Well, the Higher School Certificate is done and dusted for another year. But what a year!

Every year the pressures of the HSC are obvious. Fifty percent of a student’s results hinge on their ability to capture everything they have learnt over their years of schooling in the answers they give in an examination. It’s a pretty tall order when you consider what is involved. And now they wait. The next few years of their lives hanging on a mark issued by someone they have never met, using a formula no-one knows about except a small team of people tucked away in an office somewhere (though perhaps COVID-19 could have them working from home?), to get a credential that is becoming increasingly confusing for people to understand. Is it any wonder the universities are calling it all in to question! And in amongst it, a number of our graduates this year already have offers into university despite their results not even being calculated yet. It happens every year, with graduates from Heritage being accepted into courses such as Law, Education, Health Sciences, Psychology and a whole range of science and engineering degrees over the past several years.

But let’s take a step back a bit. The HSC is just one way to get to where you want to go in life. And even then, it is actually only one way to get to the next thing in your life, it isn’t either a defining or limiting event. I’m living proof of that! My HSC was not exactly what you would call a ‘high performance event’. I wasn’t the least bit interested in school as a teenager for reasons we won’t go in to here. That was very clear to my teachers, and I would suggest my parents, though they simply avoided facing it. I did little work. I attended only when the fancy struck me. And, when I did attend, wasn’t exactly what you would describe as a ‘model student’. I was more a model of the ‘anti-student’. If it wasn’t fun, I wasn’t doing it!

So armed with no university entrance offers, I did a trade in the aviation industry. That led to other opportunities that I jumped at. That led to more opportunities that by the time they came along I was finally smart enough to recognise. Truth is I was probably thirty years old before I finally realised both what I really wanted to do and what I was good at. It was torturous for the people around me I am sure! After a very rocky start to my academic career with my HSC, I’ve accumulated a few qualifications along the way (which I chucked after my name below just for my own amusement!). I very rarely write them anywhere because it does make a bloke look a bit… well, serious. Not something I want to get around…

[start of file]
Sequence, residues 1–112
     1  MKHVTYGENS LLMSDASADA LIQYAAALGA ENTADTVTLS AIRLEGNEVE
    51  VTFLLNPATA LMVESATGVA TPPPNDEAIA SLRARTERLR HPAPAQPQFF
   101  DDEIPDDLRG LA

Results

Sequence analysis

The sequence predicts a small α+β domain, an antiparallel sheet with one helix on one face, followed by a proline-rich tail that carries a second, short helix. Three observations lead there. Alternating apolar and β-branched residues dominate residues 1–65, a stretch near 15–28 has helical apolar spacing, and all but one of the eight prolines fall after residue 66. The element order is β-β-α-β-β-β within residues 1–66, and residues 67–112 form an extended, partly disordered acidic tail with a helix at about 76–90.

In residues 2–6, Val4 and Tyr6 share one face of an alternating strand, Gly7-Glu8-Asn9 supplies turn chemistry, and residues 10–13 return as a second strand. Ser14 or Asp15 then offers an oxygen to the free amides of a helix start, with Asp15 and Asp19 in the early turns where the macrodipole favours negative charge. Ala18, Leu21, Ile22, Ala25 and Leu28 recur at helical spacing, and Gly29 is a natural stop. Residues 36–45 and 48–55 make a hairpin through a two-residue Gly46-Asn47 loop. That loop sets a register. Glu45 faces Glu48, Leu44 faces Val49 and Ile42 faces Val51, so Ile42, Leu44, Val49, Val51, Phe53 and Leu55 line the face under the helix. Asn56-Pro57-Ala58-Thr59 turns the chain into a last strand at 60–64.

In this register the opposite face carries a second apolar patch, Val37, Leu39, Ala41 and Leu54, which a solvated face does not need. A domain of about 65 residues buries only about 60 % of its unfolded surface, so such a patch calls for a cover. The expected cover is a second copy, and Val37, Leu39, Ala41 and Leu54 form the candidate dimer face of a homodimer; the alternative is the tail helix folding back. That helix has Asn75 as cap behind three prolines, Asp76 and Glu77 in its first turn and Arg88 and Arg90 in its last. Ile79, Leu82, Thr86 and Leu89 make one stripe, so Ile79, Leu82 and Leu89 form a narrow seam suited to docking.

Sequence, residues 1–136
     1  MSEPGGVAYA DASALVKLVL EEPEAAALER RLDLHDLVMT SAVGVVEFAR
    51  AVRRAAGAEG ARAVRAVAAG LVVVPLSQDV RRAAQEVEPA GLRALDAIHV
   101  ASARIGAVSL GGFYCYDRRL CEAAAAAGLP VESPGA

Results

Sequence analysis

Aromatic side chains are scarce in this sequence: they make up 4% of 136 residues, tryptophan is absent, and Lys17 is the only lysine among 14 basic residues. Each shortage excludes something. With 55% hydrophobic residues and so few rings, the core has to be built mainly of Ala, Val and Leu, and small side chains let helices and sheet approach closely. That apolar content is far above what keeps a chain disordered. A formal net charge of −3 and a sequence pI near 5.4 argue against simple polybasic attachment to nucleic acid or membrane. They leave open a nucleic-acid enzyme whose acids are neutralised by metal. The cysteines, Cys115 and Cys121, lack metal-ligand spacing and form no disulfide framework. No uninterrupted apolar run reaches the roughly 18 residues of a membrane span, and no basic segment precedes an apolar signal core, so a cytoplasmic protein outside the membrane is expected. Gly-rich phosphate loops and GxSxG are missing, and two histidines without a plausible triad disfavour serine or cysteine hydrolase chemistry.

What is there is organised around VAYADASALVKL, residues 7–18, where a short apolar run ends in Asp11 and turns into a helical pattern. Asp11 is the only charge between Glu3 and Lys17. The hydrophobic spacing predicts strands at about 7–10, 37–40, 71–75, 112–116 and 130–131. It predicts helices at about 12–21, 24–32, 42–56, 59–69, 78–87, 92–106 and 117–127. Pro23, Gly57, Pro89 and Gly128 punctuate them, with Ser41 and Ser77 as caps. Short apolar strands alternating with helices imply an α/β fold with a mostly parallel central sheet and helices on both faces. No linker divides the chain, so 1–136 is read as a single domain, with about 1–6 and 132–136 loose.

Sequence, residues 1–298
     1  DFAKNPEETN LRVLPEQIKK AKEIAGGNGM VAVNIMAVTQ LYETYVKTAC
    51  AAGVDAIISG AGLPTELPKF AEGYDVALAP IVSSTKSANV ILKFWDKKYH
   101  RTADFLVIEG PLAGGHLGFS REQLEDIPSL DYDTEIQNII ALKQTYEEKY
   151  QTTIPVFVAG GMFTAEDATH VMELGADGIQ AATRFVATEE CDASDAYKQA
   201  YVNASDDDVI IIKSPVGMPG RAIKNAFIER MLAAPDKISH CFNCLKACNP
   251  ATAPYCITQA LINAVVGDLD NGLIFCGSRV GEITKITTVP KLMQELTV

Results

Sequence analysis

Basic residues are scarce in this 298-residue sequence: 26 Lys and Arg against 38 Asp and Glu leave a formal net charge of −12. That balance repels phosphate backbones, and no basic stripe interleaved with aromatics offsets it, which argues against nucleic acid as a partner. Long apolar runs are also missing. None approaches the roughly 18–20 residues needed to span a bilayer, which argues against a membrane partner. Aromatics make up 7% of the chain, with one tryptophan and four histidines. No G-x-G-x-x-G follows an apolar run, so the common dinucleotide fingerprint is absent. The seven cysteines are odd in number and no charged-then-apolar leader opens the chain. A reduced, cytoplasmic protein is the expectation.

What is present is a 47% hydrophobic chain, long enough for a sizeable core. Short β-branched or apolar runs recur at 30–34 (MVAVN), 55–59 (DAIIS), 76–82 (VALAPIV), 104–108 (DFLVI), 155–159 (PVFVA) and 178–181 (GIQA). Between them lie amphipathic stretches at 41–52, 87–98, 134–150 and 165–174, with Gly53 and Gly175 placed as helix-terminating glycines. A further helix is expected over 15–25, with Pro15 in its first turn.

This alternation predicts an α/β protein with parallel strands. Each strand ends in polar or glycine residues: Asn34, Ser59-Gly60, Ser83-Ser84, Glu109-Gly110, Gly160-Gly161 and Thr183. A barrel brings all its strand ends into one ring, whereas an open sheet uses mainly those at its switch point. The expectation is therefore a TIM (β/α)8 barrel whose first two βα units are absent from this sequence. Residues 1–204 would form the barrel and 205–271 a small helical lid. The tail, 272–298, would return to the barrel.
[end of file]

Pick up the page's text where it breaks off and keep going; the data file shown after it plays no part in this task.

So, here’s my strongest possible encouragement. If you or your child don’t do as well as you had hoped for, don’t give up. The reality is something in the order of seventy-five percent of everyone who gets a place at university this year won’t get it on the basis of their ATAR alone. In fact, some will get it ‘despite’ their ATAR. And if you think a trade is not as good as a university degree, then remember that a plumber or an electrician is earning a heck of a lot more money these days than your average graduate with a degree! I loved doing a trade, and the skills I learnt are things I apply every day in some way or other.

Am I saying don’t worry about doing well? No, absolutely not! You’d be a dill to not do as well as you can. I know, I wasted a lot of years along the way getting to where I am now. I love my job, the people I work with, and the privilege of working with your kids. My point is, God cuts people from all sorts of cloth, so do what you are good at. Do what God has gifted you in. Chase those dreams that you are passionate about. Go be all God has called you to be, not what other people think you should be…

And now Year 12, we wait…

I’m truly excited to see where God takes you all in life…

Geoff Brisby

M.Ed; Grad.Dip. Ed. Stud; B.Teach (Prim); Dip. D&M; Cert. IV Gov. Investigations; Cert. AME; ARNG; Dux of Kinda 1962.